[To bring the tradition of Yamanaka Lacquer, which has been passed down since the Azuchi-Momoyama Period, into our modern everyday lives]

Masayuki Gato of Gato Mikio Shoten

1. The reason for choosing this job

When I was a kid, I didn’t know where lacquer wares were sold and who bought them. I somehow got a job with a lacquerware wholesaler in Tokyo after I graduated high school as my parents have told me to do so. I became a trader going in and out of Tokyo’s department stores.

At department stores, pictures of my fathers which I used to always see when I was in my hometown, Yamanaka, were lined up next to the products. Though I used to think that the products were old-fashioned, they sold very well.

“Is it so amazing to make bowls out of wood and paint lacquer?”

I questioned myself, and I again thought of Yamanaka, the place I was raised in, and about Yamanaka Lacquer. Bowls found in every household, bowls for confectioneries serving oranges and rice crackers on the top of a kotatsu, tea trays to carry things single-handedly, hand cleaners, and touch lights… all of those were Yamanaka Laquer. Yamanaka Lacquer had the largest amount of production among all other domestic competitors.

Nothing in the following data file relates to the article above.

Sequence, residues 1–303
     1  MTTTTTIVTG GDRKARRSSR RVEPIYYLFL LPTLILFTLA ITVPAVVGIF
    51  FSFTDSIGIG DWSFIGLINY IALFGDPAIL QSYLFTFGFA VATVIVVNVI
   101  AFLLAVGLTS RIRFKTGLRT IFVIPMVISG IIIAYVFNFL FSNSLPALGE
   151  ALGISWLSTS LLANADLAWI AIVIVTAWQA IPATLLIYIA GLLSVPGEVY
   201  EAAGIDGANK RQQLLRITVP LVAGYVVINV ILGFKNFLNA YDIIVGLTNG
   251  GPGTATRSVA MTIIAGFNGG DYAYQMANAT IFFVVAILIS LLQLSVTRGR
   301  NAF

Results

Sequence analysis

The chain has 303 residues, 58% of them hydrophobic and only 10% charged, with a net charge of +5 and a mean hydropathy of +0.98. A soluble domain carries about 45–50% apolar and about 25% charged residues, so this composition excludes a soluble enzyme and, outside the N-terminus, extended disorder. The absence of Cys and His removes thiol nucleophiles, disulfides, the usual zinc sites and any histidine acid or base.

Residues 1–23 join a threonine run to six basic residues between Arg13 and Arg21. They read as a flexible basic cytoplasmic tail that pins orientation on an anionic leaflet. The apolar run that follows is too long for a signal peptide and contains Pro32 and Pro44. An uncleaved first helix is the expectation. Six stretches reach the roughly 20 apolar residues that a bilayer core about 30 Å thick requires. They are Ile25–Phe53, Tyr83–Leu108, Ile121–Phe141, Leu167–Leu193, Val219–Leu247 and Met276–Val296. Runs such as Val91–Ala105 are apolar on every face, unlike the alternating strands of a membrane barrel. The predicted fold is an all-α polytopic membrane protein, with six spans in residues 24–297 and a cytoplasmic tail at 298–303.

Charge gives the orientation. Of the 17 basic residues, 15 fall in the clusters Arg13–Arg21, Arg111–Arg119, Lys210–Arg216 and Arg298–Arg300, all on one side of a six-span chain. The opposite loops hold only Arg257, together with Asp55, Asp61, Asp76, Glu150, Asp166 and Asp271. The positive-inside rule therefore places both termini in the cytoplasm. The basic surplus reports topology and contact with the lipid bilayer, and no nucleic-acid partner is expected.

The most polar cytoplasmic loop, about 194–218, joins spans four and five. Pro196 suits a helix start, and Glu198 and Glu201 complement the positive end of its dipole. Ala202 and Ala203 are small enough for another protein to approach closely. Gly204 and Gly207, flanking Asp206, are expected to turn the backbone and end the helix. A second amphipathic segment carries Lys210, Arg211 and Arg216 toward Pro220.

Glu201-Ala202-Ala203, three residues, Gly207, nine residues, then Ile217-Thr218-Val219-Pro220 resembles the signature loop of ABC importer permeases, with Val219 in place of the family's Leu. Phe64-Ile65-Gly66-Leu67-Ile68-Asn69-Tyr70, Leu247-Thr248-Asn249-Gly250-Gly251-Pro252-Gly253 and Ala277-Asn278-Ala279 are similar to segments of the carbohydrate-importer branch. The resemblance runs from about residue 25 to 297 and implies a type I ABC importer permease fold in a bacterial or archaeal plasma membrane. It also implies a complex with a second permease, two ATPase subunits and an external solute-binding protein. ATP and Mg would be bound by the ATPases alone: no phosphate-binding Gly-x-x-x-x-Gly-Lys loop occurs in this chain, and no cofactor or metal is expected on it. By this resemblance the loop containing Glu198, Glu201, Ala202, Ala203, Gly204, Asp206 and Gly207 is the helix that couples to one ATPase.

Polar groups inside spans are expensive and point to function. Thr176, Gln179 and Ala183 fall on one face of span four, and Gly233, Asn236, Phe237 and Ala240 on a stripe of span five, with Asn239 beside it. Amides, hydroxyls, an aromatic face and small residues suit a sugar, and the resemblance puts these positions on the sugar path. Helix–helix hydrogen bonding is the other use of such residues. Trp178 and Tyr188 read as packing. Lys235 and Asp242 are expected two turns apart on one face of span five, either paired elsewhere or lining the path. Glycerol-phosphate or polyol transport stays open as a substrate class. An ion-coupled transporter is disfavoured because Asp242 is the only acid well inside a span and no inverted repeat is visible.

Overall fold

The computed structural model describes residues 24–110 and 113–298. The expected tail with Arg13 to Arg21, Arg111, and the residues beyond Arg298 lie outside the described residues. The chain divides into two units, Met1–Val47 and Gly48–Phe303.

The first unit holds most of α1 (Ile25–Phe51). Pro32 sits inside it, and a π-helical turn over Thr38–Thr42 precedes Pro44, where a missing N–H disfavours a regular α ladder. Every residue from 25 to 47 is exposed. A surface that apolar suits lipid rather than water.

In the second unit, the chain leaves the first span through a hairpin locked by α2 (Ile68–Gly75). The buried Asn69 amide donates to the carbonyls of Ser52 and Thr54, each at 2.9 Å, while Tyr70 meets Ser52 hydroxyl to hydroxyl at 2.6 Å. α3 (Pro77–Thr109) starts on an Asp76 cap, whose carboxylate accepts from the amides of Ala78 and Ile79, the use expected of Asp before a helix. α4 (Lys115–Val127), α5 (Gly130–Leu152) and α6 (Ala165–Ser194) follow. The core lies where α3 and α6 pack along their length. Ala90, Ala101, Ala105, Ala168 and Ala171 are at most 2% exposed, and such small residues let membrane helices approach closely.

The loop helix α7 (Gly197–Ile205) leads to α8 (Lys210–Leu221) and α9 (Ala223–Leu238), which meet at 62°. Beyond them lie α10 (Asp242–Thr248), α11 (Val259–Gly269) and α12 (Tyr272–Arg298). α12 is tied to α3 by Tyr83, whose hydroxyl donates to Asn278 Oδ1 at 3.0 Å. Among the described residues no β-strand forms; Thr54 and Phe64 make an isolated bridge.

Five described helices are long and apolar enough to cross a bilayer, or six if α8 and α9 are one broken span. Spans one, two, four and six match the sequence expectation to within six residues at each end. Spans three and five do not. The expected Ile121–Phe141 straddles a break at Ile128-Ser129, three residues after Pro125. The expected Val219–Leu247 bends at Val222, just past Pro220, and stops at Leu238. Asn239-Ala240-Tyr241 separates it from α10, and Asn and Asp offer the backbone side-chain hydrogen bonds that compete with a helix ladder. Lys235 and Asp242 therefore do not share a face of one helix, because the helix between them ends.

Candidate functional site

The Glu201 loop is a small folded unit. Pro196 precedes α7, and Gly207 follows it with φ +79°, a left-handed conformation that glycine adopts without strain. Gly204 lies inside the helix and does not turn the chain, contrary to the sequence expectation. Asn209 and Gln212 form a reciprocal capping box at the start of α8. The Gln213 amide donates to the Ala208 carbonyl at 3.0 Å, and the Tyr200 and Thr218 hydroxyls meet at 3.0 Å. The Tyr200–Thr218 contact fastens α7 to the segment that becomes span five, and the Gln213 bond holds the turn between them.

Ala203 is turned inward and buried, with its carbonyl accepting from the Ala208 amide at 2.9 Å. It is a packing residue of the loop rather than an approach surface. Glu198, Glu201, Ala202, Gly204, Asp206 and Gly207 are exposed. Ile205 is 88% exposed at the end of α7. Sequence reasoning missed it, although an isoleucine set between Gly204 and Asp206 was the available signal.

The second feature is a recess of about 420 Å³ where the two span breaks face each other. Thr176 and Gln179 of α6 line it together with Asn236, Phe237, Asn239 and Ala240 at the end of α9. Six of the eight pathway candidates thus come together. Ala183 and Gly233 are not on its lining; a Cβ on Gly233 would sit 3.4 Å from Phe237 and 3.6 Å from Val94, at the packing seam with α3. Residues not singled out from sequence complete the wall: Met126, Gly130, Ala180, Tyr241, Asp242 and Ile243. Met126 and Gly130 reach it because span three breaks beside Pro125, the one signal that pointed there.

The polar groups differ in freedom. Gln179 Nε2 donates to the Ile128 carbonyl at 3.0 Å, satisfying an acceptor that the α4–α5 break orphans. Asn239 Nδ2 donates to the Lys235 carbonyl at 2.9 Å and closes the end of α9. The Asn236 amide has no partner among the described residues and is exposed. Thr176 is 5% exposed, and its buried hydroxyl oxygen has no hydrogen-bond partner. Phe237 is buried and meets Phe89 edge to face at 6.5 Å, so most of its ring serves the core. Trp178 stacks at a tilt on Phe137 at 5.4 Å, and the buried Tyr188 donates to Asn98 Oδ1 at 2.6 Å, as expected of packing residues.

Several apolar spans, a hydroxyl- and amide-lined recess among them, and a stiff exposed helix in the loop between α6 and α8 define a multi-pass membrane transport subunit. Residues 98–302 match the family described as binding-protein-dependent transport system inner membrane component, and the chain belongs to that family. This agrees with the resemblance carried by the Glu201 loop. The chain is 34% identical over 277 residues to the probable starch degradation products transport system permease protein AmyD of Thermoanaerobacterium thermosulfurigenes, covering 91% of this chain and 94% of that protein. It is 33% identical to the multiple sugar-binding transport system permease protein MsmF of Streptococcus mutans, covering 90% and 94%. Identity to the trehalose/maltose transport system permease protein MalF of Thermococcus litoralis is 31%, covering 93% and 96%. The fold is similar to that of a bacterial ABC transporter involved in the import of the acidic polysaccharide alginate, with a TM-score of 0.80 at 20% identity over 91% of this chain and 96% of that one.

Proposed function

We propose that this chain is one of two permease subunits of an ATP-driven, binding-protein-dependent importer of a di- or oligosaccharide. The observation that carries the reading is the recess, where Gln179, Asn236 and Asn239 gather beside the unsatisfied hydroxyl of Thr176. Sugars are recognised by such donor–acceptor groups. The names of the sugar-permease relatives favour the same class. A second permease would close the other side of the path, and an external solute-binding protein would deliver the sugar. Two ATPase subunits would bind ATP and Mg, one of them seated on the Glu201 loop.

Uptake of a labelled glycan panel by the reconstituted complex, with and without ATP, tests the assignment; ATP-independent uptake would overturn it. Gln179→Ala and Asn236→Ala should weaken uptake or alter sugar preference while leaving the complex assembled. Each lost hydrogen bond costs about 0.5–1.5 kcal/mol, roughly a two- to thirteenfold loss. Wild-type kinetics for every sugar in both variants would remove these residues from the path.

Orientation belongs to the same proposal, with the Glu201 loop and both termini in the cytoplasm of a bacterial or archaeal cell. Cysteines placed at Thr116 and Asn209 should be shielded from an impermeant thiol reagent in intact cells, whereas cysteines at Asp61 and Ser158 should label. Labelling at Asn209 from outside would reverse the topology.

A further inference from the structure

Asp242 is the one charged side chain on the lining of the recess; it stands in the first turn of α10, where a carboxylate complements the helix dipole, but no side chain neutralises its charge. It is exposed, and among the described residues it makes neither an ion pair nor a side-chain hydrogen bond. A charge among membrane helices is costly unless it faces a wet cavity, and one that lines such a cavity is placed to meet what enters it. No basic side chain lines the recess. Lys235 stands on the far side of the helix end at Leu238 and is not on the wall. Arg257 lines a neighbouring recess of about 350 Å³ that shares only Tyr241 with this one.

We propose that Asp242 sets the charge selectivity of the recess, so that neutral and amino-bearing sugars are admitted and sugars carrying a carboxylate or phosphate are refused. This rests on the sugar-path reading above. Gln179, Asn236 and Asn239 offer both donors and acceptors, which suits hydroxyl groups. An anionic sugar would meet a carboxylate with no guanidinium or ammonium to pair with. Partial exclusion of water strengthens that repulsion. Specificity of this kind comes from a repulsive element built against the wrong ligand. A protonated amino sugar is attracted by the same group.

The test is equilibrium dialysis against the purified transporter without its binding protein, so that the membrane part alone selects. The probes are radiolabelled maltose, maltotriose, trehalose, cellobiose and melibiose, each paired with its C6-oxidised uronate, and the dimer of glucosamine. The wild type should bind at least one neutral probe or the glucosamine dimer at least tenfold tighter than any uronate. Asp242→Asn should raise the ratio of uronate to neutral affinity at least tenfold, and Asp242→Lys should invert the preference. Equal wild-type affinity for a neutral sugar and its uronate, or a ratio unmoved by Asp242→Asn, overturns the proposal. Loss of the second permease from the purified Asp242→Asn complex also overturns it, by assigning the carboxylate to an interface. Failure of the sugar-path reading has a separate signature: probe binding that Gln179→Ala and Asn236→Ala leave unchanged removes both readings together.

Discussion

As I started to live in the city, I finally realized how great my hometown is, the hot spring district with less than 10,000 residents. The local people somehow constantly return from the cities to visit Yamanaka Onsen. I now think that it perhaps was natural for me to born in Yamanaka Onsen and get this job.

2. The attractions of Yamanaka Lacquer

The base of Yamanaka Lacquer is the completeness of the grain. Vessels are thinly applied with lacquer through Yamanaka Lacquer’s Fukiurushi, which is a process that requires good grain to produce high-quality products.

Such vessels are considered to be cheap in the market, however, in reality, they could only be made by Yamanaka Lacquer. In contrast to stiff vessels thickly coated with lacquer, products of Yamanaka Lacquer are healthy and casual, making full use of the materials. This requires a high level of skills by craftsmen.

Though viewers are often attracted by the luxurious parts of the lacquer wares, such as makie, chinkin, and overpaints, the most important component of these vessels is the underlying grain. For the time being, I would like to continue producing products without destroying the concept of emphasizing Yamanaka’s throwing techniques.

3. The outlook of the future

Considering the fact that even the people living in Yamanaka Onsen don’t know about Yamanaka Lacquer, 99% of the world population probably don’t know about the characteristics and techniques of Yamanaka Lacquer.

Yamanaka Lacquer has to first be recognized at home and abroad. That is what a person born in Yamanaka would naturally do.

Gato Mikio Shoten's Karmi Tea Canisters